GENEVA — As clichés go, a small act of kindness can often snowball into something greater than the initial act itself. In the case of the Geneva boys basketball program, a single selfless act is beginning to transform into something that changes the culture of an entire school.

With basketball season starting, cousins Dante Reid and Vincent Mallard noticed that a few of the Geneva boys basketball players were in need of a sneaker upgrade. Reid is a basketball referee of 15 years as well. Knowing how much new gear means to young athletes, they decided to purchase a few pairs of shoes for players.

“How it initially started was I was reffing a varsity game and I saw that a lot of (Geneva High) kids had less-than-desirable sneakers,” Reid said. “The team that they were playing all had brand-new sneakers.”

Mallard and Reid had given sneakers to players in the past, so Reid called his cousin to do it again.

“Initially, I just thought that we would purchase sneakers for, like, two or three kids,” Reid said. “I called Vincent back an hour later and he had all these donations because he got the word out and there was a lot more support than I thought there initially would be.”

One snowball-of-giving effect later, Reid and Mallard went from being able to buy two or three pairs of shoes to buying the entire varsity boys basketball program new sneakers. A few hours after that, they were able to group in the junior varsity with new equipment. The other winter sports programs are next in line.

“More (donations) came in, and we were able to buy bags,” Reid said. “And then more came in and we were able to buy the JV teams bags and sweatshirts and get their names put on it.”

The new pullovers, shoes and bags all make for an everlasting smile from the players, but more than that, the new gear represents perhaps the most highly-valued commodity in high school these days: the care and backing of a community.

“Basically, we just wanted the team to know that we support them, we are there for them, we want them to make better decisions,” Reid said. “We just wanted them to know they have people that are looking out for them and that they care.”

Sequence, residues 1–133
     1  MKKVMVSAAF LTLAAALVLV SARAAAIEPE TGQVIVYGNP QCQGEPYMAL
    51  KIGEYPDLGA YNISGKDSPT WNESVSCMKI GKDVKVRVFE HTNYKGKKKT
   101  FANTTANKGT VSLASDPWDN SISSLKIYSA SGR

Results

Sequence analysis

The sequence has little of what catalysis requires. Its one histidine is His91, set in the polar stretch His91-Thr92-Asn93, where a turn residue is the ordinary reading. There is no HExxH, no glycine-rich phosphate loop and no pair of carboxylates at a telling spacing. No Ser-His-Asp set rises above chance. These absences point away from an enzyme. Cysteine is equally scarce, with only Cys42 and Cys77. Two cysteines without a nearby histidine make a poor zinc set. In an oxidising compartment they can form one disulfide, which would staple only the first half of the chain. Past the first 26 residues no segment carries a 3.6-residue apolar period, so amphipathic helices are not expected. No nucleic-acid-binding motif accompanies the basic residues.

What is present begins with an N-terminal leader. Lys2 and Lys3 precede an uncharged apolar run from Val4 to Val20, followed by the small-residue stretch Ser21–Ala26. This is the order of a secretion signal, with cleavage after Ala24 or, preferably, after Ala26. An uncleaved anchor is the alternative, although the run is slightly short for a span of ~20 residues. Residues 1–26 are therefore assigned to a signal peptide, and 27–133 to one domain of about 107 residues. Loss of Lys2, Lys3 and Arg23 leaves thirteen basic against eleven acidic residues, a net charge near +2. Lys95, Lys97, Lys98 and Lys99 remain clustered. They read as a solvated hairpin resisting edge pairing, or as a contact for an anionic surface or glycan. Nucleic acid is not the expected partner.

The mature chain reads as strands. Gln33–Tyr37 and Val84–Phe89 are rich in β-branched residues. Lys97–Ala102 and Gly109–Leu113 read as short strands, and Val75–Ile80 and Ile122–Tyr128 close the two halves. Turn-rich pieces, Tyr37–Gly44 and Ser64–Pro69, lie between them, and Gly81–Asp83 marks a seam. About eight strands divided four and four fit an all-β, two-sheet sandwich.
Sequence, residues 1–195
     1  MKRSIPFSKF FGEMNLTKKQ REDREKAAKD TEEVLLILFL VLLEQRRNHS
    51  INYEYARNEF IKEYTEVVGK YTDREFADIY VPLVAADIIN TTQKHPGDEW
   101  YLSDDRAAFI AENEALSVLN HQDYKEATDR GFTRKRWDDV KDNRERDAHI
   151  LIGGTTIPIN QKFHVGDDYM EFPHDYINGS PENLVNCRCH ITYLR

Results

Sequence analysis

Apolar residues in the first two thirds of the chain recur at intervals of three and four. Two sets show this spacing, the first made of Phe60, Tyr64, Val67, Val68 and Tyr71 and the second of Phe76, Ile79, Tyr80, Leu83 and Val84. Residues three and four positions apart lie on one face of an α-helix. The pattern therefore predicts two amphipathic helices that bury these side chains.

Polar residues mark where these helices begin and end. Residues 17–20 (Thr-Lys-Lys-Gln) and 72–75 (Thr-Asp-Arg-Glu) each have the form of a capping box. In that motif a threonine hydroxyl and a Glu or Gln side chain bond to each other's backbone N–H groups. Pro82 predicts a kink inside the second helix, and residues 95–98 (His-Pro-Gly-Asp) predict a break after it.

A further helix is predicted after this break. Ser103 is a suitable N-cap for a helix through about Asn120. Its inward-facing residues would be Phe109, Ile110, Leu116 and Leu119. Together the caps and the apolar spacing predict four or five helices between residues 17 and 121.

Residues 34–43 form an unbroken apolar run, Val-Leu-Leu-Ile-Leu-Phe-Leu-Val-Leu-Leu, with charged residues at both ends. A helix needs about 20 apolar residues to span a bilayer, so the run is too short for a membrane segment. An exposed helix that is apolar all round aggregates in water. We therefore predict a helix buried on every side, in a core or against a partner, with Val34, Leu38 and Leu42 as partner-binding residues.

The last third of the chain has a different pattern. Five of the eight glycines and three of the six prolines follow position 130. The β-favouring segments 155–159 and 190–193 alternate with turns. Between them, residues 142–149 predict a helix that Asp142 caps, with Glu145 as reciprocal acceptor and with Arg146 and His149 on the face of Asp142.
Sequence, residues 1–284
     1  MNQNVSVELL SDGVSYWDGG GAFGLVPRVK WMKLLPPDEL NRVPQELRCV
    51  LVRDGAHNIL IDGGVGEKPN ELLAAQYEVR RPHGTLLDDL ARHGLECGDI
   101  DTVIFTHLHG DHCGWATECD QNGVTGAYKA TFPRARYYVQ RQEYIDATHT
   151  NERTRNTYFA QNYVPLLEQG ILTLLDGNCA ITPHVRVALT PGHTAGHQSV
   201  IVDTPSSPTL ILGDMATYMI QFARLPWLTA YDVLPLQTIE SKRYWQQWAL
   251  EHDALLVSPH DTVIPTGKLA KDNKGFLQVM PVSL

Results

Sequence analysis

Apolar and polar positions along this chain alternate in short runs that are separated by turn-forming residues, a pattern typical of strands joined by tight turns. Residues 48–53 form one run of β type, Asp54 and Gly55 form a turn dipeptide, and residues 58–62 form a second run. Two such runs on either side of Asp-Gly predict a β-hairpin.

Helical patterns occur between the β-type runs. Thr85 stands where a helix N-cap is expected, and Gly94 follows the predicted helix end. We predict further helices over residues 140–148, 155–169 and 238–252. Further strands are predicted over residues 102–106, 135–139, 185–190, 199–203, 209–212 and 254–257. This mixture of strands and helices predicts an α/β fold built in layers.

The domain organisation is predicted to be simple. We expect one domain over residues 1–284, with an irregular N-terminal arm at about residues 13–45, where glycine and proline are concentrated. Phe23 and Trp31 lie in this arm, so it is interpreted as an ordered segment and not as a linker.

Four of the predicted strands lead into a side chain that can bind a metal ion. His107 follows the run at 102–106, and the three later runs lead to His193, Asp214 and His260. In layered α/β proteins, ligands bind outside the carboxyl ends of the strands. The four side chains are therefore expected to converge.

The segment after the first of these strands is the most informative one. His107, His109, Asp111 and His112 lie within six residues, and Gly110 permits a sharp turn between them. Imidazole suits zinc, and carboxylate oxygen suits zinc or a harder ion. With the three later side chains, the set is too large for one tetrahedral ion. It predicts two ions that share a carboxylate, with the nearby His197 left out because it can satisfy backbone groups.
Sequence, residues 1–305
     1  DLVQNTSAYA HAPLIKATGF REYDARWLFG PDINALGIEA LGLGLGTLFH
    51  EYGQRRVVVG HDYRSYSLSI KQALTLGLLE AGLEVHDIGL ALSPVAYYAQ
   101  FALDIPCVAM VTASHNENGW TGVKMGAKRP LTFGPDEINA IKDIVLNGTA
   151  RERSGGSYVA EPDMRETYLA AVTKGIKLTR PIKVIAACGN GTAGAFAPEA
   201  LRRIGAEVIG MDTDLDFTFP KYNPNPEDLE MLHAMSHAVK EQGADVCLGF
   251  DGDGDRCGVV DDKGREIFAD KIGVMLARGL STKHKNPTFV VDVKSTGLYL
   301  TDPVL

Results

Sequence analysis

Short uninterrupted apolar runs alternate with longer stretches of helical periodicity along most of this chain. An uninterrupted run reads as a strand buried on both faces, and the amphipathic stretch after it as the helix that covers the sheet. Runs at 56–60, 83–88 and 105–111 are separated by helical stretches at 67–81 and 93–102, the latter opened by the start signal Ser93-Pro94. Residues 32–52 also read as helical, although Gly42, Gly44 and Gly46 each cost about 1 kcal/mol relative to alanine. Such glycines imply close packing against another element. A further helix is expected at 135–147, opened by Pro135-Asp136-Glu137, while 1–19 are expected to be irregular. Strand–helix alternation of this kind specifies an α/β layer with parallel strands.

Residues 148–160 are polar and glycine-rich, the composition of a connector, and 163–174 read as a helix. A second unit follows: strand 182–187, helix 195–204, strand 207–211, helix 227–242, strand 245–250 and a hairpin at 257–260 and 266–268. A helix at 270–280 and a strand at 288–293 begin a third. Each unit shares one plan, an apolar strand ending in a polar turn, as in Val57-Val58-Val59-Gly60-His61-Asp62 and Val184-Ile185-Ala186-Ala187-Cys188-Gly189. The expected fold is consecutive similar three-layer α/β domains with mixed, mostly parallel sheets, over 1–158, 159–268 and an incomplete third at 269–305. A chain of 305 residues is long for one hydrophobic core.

Reid, Mallard and others also donate time, showing up to Geneva High School before and after classes to give out high-fives, candy and encouragement to students, teachers, faculty — or whoever passes by.

“That is what is needed the most,” Reid said of giving time to the young students. “We’re saying, ‘Good morning!’ ‘Have a good day.’ We’re giving them candy, not just to the students, but to the faculty. Ten to 20 minutes, a half-hour, just come and support the kids.

“Other individuals besides myself have started to come to the school at the beginning and at the dismissal to ease the pain, bridge gaps and try to get to the kids,” Reid said. “Not to just say that, ‘We’re for you,’ but also that, ‘We hear you.’ ”

Enter new varsity boys head coach Ed Collins, who then organized a number of people to come and talk to the entire boys basketball program.

“That transpired to Coach Collins — he’s very active in these kids’ lives as well,” Reid said. “We got Pastor Raul, Ahmad Whitfield, and we got (Tony) Collins to come speak, so it ended up being a lot bigger than we initially expected, which is awesome.”

Last Friday night when the Geneva boys basketball program had the night off, the varsity and junior varsity teams gathered in the classroom above the gym at the high school to listen to a number of guest speakers talk about their own life experiences and about how actions and choices pave the way for life. Among the guest speakers was Tony Collins — former NFL running back — who talked about speaking your future into the truth, that positive words bring positive outcomes in life and negative words bring negative outcomes. As young athletes, Collins noted they need to have a plan and work toward that plan with hard work.

“We just want to make sure (the kids) stay on the right path, they listen, hear us and know that we’re on their side,” Reid said. “That was the gist of the initial purchasing of the sneakers and the speaking.””

What began as an act of paying it forward just like people did for them growing up, Reid and Mallard seem to have swooped in with positive change right when Geneva High School needed it. And, they don’t plan to stop anytime soon.

“Let me tell you, not only will we do it next year, but donations are still rolling in, so now we’re going to work on the wrestling team,” Reid said. “We don’t want to leave the girls out, so we’re going to try to get money for the girls teams as well. We’re going to keep trying to get to all these kids because it’s more than just the basketball team. I know it sounds cliché, but we’re going to do our best to make sure that no one is left behind and that everybody is being heard.”

The Panthers were 1-0 after winning their season opener over Wellsville last week, 48-47. Only time will tell how their season progresses, but one thing is certain: Reid, Mallard and others plan to be there indefinitely, both on and off the court.

Trending Food Videos

Recommended for you